[Skip to Content]
Access to paid content on this site is currently suspended due to excessive activity being detected from your IP address 54.146.141.60. Please contact the publisher to request reinstatement.
[Skip to Content Landing]
Article
December 26, 1990

Proportionate Mortality Trends: 1950 Through 1986

Author Affiliations

From the Department of Family Practice, Southern Illinois University School of Medicine, Springfield (Dr Sutherland), and the School of Public Health, University of Illinois at Chicago (Drs Persky and Brody).

From the Department of Family Practice, Southern Illinois University School of Medicine, Springfield (Dr Sutherland), and the School of Public Health, University of Illinois at Chicago (Drs Persky and Brody).

JAMA. 1990;264(24):3178-3184. doi:10.1001/jama.1990.03450240080044
Abstract

Mortality trends in the United States from 1950 through 1986 were analyzed for the conditions that are or have recently been among the six leading causes of death. The age-adjusted mortality rate for all causes has decreased from 841.5 to 541.7 per 100 000 population. Cause-specific, age-adjusted mortality rates have declined from 1950 through 1986 for cerebrovascular disease, injuries, perinatal conditions, heart disease, and influenza and pneumonia. Time trends in the proportion of persons dying of each of these diseases, however, have varied; the proportion dying of cerebrovascular disease, injuries, and perinatal conditions has decreased, and the proportion of persons dying of heart disease and influenza and pneumonia has remained fairly stable from 1950 through 1986. During this same time, age-adjusted death rates have increased for chronic obstructive pulmonary disease and have remained fairly stable for malignant neoplasms, while the proportions of persons dying of chronic obstructive pulmonary disease and malignant neoplasms have increased dramatically. For people aged 35 to 64 years, malignant neoplasms have now overtaken heart disease as the leading cause of death. For those aged 65 years and older, heart disease remains the leading cause of death, accounting for almost 50% of all deaths in persons 85 years and older.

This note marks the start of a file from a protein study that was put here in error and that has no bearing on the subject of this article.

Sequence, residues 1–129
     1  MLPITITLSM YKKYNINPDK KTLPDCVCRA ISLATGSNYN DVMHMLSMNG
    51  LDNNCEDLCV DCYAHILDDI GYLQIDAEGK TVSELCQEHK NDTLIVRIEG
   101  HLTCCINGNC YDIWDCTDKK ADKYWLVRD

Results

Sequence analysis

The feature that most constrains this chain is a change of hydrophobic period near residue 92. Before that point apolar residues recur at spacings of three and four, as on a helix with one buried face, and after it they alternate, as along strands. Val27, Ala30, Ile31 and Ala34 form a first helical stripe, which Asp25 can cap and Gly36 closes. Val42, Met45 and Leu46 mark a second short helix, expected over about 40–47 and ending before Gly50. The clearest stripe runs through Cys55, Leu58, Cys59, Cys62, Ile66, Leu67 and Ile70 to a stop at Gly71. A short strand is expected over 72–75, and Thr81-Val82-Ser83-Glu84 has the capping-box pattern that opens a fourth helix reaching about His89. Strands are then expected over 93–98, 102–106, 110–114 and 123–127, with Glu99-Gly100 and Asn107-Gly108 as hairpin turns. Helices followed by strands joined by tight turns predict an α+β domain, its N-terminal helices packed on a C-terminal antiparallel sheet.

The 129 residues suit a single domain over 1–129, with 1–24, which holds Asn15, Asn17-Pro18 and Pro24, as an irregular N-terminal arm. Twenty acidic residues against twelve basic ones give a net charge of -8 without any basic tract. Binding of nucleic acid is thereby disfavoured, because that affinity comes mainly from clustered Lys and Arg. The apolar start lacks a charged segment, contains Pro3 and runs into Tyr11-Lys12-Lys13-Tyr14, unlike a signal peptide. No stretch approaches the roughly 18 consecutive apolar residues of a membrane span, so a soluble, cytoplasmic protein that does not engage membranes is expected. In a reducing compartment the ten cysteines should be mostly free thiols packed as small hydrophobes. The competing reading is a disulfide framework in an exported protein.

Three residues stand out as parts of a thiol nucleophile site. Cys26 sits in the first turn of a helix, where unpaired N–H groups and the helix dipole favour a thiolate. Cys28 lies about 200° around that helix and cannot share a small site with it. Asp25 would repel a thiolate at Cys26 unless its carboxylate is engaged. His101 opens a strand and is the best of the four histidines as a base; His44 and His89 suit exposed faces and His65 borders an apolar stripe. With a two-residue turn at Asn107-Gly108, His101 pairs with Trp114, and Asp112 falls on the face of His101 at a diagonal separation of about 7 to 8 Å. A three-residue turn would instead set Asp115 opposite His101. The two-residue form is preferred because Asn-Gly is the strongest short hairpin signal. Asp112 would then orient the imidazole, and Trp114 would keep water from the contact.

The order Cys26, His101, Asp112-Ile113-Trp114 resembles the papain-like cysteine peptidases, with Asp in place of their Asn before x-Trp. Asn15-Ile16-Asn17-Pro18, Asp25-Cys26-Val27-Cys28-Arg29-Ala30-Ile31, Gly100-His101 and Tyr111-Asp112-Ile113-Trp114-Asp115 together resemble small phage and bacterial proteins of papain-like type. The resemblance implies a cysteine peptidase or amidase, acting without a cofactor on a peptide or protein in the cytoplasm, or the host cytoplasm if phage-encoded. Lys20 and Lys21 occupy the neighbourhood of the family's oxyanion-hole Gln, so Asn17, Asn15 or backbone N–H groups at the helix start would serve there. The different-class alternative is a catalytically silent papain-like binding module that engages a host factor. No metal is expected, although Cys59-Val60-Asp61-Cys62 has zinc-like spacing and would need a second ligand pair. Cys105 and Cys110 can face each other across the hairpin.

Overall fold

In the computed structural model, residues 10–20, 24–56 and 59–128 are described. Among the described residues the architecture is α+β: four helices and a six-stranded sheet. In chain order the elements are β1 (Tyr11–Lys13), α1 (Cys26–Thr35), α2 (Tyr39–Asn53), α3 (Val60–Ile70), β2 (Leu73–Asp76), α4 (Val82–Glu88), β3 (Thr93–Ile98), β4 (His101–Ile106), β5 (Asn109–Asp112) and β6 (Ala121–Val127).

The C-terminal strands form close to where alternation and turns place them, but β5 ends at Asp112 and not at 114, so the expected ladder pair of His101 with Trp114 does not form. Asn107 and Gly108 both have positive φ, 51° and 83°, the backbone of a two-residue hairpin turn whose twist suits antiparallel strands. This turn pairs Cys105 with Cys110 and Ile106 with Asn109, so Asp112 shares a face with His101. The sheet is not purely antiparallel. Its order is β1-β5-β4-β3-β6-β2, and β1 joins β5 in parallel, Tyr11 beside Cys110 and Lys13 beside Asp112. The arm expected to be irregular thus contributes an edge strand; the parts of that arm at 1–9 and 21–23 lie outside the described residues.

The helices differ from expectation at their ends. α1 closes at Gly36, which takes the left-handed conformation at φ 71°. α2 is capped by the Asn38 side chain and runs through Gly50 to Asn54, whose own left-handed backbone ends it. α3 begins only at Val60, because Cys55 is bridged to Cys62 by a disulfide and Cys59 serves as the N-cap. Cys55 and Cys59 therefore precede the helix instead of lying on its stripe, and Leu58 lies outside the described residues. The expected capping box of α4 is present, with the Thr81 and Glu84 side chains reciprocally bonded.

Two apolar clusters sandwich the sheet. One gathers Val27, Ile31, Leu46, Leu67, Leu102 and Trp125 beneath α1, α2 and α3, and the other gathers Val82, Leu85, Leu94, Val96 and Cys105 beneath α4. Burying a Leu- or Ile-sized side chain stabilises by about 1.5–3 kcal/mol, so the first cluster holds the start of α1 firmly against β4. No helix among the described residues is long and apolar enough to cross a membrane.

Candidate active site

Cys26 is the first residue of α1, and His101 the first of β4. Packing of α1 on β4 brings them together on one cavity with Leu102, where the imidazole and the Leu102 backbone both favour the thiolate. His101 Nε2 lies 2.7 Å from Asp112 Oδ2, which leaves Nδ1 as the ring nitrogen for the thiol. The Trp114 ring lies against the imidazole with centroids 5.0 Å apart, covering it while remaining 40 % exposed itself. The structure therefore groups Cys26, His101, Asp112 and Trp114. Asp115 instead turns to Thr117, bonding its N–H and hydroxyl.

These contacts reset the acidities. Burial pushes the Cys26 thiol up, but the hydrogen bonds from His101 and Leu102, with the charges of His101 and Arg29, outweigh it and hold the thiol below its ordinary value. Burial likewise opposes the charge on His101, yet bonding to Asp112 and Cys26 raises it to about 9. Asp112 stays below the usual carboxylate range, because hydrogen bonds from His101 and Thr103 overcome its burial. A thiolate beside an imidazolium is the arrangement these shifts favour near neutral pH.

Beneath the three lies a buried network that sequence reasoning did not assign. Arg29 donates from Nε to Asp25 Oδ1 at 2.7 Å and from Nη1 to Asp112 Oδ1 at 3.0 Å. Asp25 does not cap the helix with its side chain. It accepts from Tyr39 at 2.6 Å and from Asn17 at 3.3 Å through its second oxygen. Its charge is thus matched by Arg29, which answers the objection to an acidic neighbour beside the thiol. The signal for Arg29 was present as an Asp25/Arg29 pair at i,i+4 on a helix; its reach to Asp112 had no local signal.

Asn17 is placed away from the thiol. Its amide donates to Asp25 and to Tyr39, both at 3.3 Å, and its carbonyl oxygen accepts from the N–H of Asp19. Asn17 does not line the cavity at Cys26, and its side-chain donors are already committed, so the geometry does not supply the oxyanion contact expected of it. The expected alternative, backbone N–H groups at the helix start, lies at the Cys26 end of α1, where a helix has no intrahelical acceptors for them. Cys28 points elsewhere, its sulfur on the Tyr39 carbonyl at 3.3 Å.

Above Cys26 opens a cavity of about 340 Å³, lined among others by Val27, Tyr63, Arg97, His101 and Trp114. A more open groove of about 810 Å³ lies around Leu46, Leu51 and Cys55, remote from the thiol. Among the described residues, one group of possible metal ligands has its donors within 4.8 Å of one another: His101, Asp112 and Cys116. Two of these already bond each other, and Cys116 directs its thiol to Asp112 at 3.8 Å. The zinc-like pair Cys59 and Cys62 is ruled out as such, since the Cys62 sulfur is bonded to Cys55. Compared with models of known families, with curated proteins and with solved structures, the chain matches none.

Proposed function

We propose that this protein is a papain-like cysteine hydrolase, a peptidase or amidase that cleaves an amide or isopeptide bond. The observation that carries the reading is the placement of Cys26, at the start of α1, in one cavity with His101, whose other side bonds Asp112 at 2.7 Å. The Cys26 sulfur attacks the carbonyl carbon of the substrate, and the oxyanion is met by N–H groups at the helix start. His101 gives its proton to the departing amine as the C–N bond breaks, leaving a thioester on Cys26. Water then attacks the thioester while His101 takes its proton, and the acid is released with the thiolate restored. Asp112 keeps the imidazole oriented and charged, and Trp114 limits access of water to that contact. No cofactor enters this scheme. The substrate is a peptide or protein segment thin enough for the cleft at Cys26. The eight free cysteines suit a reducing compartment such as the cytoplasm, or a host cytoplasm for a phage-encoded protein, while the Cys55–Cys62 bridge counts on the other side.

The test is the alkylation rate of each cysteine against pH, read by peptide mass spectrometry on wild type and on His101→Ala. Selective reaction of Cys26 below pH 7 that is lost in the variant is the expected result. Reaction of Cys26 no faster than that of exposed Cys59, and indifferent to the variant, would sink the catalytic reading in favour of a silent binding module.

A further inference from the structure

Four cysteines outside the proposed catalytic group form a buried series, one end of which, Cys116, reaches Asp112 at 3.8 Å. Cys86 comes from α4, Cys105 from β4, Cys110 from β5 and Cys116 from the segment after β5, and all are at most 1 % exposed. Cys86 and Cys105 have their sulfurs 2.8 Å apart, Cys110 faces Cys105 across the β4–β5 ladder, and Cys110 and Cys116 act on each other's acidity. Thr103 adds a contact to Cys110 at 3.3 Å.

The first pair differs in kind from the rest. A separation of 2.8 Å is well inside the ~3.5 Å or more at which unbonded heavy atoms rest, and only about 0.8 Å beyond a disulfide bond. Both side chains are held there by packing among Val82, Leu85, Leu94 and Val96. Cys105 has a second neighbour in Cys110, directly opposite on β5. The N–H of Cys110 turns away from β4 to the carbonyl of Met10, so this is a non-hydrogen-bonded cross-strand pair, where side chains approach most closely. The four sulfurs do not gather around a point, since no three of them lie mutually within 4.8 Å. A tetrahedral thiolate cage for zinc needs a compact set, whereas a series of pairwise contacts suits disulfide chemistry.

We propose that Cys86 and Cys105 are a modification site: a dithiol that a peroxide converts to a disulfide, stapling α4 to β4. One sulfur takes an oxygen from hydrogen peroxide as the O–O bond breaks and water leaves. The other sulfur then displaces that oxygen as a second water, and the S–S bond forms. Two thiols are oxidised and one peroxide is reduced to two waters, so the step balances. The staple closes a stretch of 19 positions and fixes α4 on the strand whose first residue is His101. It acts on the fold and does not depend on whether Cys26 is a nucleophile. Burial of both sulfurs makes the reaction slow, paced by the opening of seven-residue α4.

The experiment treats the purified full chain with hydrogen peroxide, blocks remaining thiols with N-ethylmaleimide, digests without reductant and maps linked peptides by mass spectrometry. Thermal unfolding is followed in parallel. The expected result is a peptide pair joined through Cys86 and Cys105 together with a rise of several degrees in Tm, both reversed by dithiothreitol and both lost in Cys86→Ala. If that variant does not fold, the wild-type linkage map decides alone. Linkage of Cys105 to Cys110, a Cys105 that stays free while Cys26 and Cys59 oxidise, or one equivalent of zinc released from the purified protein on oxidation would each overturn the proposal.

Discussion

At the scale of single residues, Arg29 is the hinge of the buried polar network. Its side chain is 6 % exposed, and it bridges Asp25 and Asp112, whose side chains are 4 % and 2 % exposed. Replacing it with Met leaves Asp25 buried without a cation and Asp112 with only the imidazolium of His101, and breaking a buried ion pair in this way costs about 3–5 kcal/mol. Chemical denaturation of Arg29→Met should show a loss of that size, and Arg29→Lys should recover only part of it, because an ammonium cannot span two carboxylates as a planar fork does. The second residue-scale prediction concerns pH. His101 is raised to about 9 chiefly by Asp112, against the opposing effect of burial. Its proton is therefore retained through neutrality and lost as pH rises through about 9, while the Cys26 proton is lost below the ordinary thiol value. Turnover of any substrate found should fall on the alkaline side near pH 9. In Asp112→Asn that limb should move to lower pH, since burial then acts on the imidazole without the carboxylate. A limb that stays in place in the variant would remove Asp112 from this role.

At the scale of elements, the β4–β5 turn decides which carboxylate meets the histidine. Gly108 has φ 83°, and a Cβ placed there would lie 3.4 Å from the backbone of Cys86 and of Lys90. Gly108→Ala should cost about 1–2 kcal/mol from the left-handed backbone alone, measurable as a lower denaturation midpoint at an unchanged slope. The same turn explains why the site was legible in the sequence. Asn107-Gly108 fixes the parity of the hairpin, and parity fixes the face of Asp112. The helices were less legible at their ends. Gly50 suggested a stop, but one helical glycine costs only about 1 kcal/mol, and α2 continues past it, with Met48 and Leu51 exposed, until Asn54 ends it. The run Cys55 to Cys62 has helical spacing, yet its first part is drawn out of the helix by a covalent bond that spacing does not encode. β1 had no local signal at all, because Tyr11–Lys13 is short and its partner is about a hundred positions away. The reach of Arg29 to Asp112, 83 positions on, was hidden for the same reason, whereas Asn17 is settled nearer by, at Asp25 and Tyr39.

(JAMA. 1990;264:3178-3184)

×